I Don’t Care if I Never Get Back

Once upon a time, before it became the Paris printing of the New York Times, the International Herald Tribune published its late sports editor Dick Roraback’s ode to baseball’s opening day each year.

Under the fold, “The Crack of the Bat.”

Away on this side of the ocean
When the chestnuts are hinting of green
And the first of the cafe commandos
Are moving outside for a fine
And the sound of spring beats a bolero
As Paree sheds her coat and her hat
The sound that is missed more than any
Is the sound of the crack of a bat.

There’s an animal kind of feeling
There’s a stirring down at Vincennes Zoo
And the kid down the hall’s getting restless
Taking stairs like a young kangaroo
Now the dandy is walking his poodle
And the concierge sunning her cat
But the heart’s with the Cubs and the Tigers
And the sound of the crack of a bat.

In the park on the corner run schoolboys
With a couple of cartons for props
Kicking goals a la Fontaine or Kopa
While a little guy chikies for cops
“Goal for us,” “No it’s not,” “You’re a liar,”
Then the classical shrieks of a spat
But it’s not like a rhubarb at home plate
Or the sound of the crack of a bat.

Here the stadia thrill to the scrumdowns
And the soccer fans flock to the games
And the chic punt the nags out a Longchamp
Where the women are dames and not dames
But it’s different at Forbes and at Griffith
The homes of the Buc and the Nat
Where the hotdog and peanut share laurels
With the sound of the crack of a bat.

No, a Yank can’t describe to a Frenchman
The rasp of an umpire’s call
The continuing charms of statistics
Changing hist’ry with each strike and ball
Nor the self-conscious jog of the slugger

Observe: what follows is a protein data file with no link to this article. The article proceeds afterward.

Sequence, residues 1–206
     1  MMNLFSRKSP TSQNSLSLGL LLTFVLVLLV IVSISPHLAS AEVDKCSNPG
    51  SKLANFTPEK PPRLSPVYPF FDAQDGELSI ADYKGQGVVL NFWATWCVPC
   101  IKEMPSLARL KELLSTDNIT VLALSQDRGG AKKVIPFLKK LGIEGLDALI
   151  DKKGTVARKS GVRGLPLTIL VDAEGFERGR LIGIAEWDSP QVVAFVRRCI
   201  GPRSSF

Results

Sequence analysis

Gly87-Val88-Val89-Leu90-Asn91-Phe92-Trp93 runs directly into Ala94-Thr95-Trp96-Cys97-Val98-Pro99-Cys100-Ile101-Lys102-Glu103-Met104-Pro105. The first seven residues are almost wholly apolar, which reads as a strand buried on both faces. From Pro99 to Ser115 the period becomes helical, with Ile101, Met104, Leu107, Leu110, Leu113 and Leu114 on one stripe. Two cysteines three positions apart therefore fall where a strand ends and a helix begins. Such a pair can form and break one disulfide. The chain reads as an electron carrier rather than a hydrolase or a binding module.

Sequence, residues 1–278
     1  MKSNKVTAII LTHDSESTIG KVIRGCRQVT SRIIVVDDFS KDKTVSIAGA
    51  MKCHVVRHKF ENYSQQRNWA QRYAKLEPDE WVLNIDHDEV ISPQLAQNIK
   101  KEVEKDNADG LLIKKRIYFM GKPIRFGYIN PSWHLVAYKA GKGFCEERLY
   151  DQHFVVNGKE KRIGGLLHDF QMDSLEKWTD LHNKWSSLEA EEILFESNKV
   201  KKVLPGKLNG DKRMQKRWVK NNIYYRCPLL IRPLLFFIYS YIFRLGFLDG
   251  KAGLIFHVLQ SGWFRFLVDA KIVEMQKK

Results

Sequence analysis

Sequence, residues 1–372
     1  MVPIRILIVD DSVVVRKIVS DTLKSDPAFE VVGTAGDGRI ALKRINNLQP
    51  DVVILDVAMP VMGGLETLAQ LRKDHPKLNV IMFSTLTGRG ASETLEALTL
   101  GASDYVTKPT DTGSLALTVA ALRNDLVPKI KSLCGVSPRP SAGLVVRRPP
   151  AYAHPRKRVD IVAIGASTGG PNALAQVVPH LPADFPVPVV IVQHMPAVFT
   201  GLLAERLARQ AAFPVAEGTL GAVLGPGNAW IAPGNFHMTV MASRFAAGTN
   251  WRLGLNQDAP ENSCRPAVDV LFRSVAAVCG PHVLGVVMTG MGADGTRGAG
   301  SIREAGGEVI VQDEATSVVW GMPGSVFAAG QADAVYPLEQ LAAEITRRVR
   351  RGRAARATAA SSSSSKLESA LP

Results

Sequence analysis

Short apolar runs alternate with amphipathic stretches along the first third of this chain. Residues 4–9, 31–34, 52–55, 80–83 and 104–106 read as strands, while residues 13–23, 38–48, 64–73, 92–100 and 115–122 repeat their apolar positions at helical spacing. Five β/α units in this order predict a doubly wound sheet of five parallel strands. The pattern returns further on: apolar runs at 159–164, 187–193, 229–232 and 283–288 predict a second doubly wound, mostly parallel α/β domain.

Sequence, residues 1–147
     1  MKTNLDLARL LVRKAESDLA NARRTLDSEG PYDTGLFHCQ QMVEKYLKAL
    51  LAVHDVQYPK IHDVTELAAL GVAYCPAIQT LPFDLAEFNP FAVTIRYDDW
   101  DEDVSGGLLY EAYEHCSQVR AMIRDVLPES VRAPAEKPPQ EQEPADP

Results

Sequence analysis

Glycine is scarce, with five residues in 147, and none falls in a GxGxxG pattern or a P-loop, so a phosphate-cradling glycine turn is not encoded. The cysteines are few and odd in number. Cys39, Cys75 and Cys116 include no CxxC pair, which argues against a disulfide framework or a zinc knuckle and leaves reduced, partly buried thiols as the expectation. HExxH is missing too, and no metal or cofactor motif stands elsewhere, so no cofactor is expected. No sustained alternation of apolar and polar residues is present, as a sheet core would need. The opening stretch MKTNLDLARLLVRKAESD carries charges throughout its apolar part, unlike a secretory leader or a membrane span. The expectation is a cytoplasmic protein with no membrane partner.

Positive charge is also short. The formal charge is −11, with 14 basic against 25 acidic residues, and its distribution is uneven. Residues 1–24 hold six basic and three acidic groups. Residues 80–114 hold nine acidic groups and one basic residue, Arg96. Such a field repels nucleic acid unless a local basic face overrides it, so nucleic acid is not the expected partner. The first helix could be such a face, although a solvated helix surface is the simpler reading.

Rounding third with the tip of his hat
Nor the half-smothered grace of a hook slide
Nor the sound of the crack of a bat.

Now, the golfer is buffing his niblick
And the tennis buff’s tightening his strings
And the fisherman’s flexing his flyrod
Like a thousand and one other springs
Oh, the sports on both sides of the ocean
Have a great deal in common, at that
But the thing that’s not HERE
At this time of the year
Is the sound of the crack of a bat

This entry was posted in A Fistful Of Euros, Culture, France, Life, Not Europe, Religion by Doug Merrill. Bookmark the permalink.

About Doug Merrill

Freelance journalist based in Tbilisi, following stints in Atlanta, Budapest, Munich, Warsaw and Washington. Worked for a German think tank, discovered it was incompatible with repaying US student loans. Spent two years in financial markets. Bicycled from Vilnius to Tallinn. Climbed highest mountains in two Alpine countries (the easy ones, though). American center-left, with strong yellow dog tendencies. Arrived in the Caucasus two weeks before its latest war.

4 thoughts on “I Don’t Care if I Never Get Back

  1. “The sound of leather on willow” is the equivalent expression in cricket circles (ball made of leather, bat of willow wood). I’d guess a baseball is leather on the outside, but the bat… which wood is used I wonder?

  2. Originally, hickory was used. Later, during the 1930s, white ash became the wood of choice because it was lighter while still being very hard, strong and durable. Many bats of the last 10-plus years have been made of maple as a result of new wood drying techniques which produce a lighter dried maple. The new maple bats also seem to be more durable than white ash.

    Recently bamboo bats have been made, although I don’t think they’ve yet been used in professional games. Bamboo strips are first pressed into billets and then turned into bats.

  3. Soccer is arguably more corrupt than baseball in terms of doping, manipulation and the influence of big money, certainly if your reference is total audience, but maybe even also per viewer. To its credit however, soccer is still all about losing, about the improbability of scoring a goal and the fortitude of players who repeatedly try and repeatedly fail. Baseball broke my heart when the designated hitter was introduced – was it after this ode was penned?

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